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Alphabetical Listing of Reference Documents by Title
NOTE: [PDF] links require Acrobat Reader from Adobe.

Alliance to Save Energy: Saving Energy in Schools
Abstract: This portion of the Alliance to Save Energy web site includes best practices for controlling energy costs for school operations and maintenance; school energy efficiency links; energy efficient school construction resources; indoor air quality information; information on school retrofits; and pollution calculators that allow for the estimation of the environmental benefits of an energy efficiency measure.
Source: Alliance to Save Energy
URL: http://www.ase.org/section/topic/schoolenergy/

Environmental Virtual Campus
Abstract: Developed by the Massachusetts Institute of Technology (MIT), this virtual campus uses an engaging, intuitive format to highlight potential environmental issues at nine campus areas, and provides compliance information and good management practices on a number of issues. Areas covered include arts/theater areas, cafeterias, dormitories, drains/sewers, grounds/vehicles, labs, medical areas, power plants and waste storage. Use the Content List part of the site as an index or site map. Lists of acronyms, useful links and a glossary are also included.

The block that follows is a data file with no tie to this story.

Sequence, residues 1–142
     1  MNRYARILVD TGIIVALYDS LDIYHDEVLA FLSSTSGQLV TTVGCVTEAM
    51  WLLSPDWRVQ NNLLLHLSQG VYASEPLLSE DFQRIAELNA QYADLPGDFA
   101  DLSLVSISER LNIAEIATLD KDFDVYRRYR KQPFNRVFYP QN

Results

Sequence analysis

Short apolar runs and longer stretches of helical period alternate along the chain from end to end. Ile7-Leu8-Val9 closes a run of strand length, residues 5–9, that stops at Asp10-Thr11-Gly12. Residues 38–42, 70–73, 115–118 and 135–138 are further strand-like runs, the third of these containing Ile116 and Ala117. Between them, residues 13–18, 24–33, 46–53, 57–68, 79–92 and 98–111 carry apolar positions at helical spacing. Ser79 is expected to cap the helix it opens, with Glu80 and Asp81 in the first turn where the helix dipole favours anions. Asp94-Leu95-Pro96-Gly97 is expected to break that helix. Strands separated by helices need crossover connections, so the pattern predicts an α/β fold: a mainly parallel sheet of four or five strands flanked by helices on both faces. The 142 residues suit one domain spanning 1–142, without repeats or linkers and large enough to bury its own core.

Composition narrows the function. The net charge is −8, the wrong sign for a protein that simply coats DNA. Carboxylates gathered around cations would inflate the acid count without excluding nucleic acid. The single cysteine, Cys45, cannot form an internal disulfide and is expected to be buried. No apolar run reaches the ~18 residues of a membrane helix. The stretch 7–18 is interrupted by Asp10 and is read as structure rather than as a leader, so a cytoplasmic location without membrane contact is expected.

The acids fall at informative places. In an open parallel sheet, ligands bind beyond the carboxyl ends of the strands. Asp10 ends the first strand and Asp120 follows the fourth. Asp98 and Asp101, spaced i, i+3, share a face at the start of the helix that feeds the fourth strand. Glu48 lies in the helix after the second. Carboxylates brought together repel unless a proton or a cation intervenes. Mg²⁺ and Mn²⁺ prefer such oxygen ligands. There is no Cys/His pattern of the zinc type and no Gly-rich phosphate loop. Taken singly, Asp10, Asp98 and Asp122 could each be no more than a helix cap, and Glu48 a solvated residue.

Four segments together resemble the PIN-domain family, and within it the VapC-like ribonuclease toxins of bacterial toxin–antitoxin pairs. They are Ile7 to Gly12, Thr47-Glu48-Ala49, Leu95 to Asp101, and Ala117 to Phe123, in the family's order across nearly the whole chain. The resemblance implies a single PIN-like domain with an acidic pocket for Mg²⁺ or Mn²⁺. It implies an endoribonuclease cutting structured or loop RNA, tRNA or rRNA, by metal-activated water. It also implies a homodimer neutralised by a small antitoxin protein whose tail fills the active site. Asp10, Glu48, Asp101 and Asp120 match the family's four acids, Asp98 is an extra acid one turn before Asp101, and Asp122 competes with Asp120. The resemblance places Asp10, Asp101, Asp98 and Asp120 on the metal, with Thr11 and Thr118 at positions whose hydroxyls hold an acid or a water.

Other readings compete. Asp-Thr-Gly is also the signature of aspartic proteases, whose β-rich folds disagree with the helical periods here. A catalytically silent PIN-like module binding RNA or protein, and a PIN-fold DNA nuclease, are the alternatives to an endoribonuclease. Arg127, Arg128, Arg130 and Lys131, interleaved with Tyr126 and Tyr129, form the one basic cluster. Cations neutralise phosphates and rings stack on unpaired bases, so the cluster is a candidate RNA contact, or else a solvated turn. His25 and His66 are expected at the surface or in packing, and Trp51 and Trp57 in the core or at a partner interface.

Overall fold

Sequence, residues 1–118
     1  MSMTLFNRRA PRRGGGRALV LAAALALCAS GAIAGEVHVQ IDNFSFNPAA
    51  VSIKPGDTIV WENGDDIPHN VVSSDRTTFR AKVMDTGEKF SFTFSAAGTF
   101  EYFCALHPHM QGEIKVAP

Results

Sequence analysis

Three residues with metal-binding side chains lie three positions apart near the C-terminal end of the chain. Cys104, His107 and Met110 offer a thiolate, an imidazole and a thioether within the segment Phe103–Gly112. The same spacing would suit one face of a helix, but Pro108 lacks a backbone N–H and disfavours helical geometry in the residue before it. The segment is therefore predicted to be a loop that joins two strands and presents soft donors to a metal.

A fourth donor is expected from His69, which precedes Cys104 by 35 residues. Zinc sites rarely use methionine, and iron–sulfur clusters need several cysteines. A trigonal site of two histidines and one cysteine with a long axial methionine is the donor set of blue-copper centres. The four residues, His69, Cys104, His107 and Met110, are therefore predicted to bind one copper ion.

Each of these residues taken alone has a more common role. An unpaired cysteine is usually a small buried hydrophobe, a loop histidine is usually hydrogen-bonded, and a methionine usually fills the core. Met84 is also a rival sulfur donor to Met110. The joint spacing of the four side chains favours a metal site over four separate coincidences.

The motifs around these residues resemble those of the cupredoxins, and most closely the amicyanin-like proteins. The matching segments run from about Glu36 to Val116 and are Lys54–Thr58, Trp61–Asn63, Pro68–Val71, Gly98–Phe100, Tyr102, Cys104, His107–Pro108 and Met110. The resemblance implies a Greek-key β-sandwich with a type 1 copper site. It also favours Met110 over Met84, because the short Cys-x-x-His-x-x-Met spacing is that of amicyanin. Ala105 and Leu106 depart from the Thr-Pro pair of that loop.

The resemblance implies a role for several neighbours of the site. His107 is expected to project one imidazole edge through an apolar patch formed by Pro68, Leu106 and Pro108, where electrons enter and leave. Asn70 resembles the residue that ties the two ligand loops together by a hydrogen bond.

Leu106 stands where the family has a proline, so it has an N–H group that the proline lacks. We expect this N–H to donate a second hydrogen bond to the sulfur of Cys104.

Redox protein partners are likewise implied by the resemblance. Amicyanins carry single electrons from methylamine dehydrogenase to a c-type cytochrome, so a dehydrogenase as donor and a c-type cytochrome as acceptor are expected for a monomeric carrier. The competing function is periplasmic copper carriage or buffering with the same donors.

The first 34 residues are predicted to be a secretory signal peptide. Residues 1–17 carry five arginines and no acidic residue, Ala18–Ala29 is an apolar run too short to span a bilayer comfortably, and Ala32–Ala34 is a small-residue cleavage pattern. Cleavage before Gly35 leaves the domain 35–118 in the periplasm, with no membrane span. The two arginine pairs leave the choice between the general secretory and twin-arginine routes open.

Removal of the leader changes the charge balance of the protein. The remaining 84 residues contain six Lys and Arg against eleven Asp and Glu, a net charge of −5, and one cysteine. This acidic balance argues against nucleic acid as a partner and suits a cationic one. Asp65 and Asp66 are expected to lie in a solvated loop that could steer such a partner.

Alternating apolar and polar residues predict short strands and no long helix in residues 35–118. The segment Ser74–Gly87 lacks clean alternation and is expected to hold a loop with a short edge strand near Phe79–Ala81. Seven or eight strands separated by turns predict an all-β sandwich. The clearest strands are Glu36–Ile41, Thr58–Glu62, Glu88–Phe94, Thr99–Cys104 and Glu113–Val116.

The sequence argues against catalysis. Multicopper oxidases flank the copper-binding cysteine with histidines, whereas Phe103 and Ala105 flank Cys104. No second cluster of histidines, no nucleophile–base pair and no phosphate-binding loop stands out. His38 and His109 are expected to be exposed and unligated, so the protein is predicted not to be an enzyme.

Source: MIT and the U.S. EPA
URL: http://www.c2e2.org/evc/home.html

EPA Indoor Air Quality Tools For Schools
Abstract: Twenty percent of the U.S. population spends their days in elementary and secondary schools. And while most parents and teachers would probably accuse schools of being germ factories, that persistent cough and sniffles may not be the result of the latest bug going around. Studies show that half of our nation's 115,000 schools have problems linked to air quality. To help combat indoor air quality problems, EPA has created the Indoor Air Quality (IAQ) Tools for Schools Kit. Printed materials included in the kit are available for download from this web site in html or pdf format. Ordering information for the video portion of the kit is included.
Source: U.S. Environmental Protection Agency (EPA)
URL: http://www.epa.gov/iaq/schools/actionkit.html

Final Specification for High-Efficiency Lavatory (Bathroom Sink) Faucets